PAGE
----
Liverpool remained unbeaten at home in the Champions League under Jürgen Klopp with a satisfactory performance in 2-0 win over Porto. Liverpool took advantage of Porto’s poor first half, which in the Champions League is more than enough to seal a game. In this tactical analysis, I will show you why Liverpool dominated Porto in the first half and how Porto grew back into the game.
As expected Liverpool remained with their usual 4-3-3, with Matip rested and Lovren brought in, while Porto opted for a 5-4-1, with the aim of switching to a 3-4-3 in attacking transitions. Jordan Henderson picked up where he left off against Southampton, playing in a more advanced role in front of Fabinho, who also played an important role in the game.
Porto’s high line
Porto remained compact both horizontally and vertically to limit the spaces between their lines and to prevent Liverpool from playing through them. However, when a team plays in such a compact shape with a high line, you would expect them to press aggressively with their compact shape as more people could contribute to the press.
Porto in the first half instead played a high line and were vertically compact without any press, which made it too easy to play long passes over the top of their back line. Below we can see an example of Porto’s vertical compactness, with the distance between the first and last man very short.
But as said, Porto didn’t press Liverpool high as we can see below. As a result, players like Virgil van Dijk, who excels at long passing, were given lots of time and space to pick out passes into the wide areas which were left unoccupied due to Porto’s narrow shape.
Below we can see an example of Porto being too high and too narrow, which led to Alexander-Arnold causing them problems in the game. Sadio Mané also had a goal disallowed after peeling away from the full-back at the far post.
What changed for Porto?
The Portuguese side recognised their defensive problems and managed to remain vertically compact while playing deeper in their own half. We can see below that their backline is in a much better position to defend from.
Liverpool cannot exploit the space in behind or through Porto, as they have so many players in such a small area. Liverpool’s threat from wide areas was also nullified as Porto became wider out of possession, with their wingers now dropping in to deal with the home side’s full-backs.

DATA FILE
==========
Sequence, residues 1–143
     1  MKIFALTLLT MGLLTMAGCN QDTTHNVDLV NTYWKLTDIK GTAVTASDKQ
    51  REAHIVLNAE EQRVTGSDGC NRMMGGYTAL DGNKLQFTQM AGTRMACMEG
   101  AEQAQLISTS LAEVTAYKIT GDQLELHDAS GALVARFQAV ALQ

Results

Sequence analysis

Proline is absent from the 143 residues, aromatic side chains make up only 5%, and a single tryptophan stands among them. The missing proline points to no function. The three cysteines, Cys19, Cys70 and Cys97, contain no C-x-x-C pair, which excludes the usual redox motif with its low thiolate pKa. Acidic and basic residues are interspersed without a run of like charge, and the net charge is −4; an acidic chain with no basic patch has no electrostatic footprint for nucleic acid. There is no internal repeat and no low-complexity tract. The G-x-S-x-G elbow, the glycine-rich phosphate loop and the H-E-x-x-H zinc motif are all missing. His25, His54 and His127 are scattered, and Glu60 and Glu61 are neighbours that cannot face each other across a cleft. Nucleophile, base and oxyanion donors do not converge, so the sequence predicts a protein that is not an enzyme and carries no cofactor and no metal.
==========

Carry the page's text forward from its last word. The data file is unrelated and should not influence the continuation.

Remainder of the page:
Porto also started to cause Liverpool issues, with Marega having chances after getting in behind Lovren. This chance below came after Porto had beaten Liverpool’s press, which left Liverpool’s midfield three behind the ball. However, these situations happened rarely thanks to Fabinho having an excellent game.
Fabinho’s positional masterclass
Fabinho showed the maturity and discipline that Liverpool expected upon buying him in the summer. He was expected to bring order to Liverpool’s at times chaotic midfield, and he certainly did this in this game, allowing Keïta and Henderson to excel further forward and press aggressively.
We can see below that when Keïta and Henderson committed further forward in attacks, Fabinho would sit and cut out counter-attacks and transitions, playing a classic defensive midfielder role within the midfield diamond.
Fabinho also helped to limit Porto’s build-up. When Liverpool pressed, with Keïta and Henderson stepping forward to press, Fabinho sat deeper and refused to be drawn out of position.
This meant that when Porto struggled to build and managed to play the ball long, Fabinho was able to intercept the ball, as we can see below. Liverpool were consequently much less vulnerable when pressing high up the pitch and allowed for the two midfielders in front of Fabinho to take more risks out of possession.
We can see in the image below that Henderson and Keïta have committed forward to press whereas Fabinho has remained rigid. This fills the large gap between the players pressing and the defence, and prevents Porto’s striker from dropping deep and receiving the ball behind Liverpool’s pressing players.
Liverpool capitalised on Porto’s tactical errors in the first half and managed to control the game in the second half. Had Porto begun the first half how they did in the second half, the game could have looked very different, with Liverpool struggling to break down deep blocks at times in the past.
Porto now face an uphill task to attack without compromising this defensive solidity shown in the second half. Liverpool’s threat in transition is likely to see them through, particularly if they come up against another high line.
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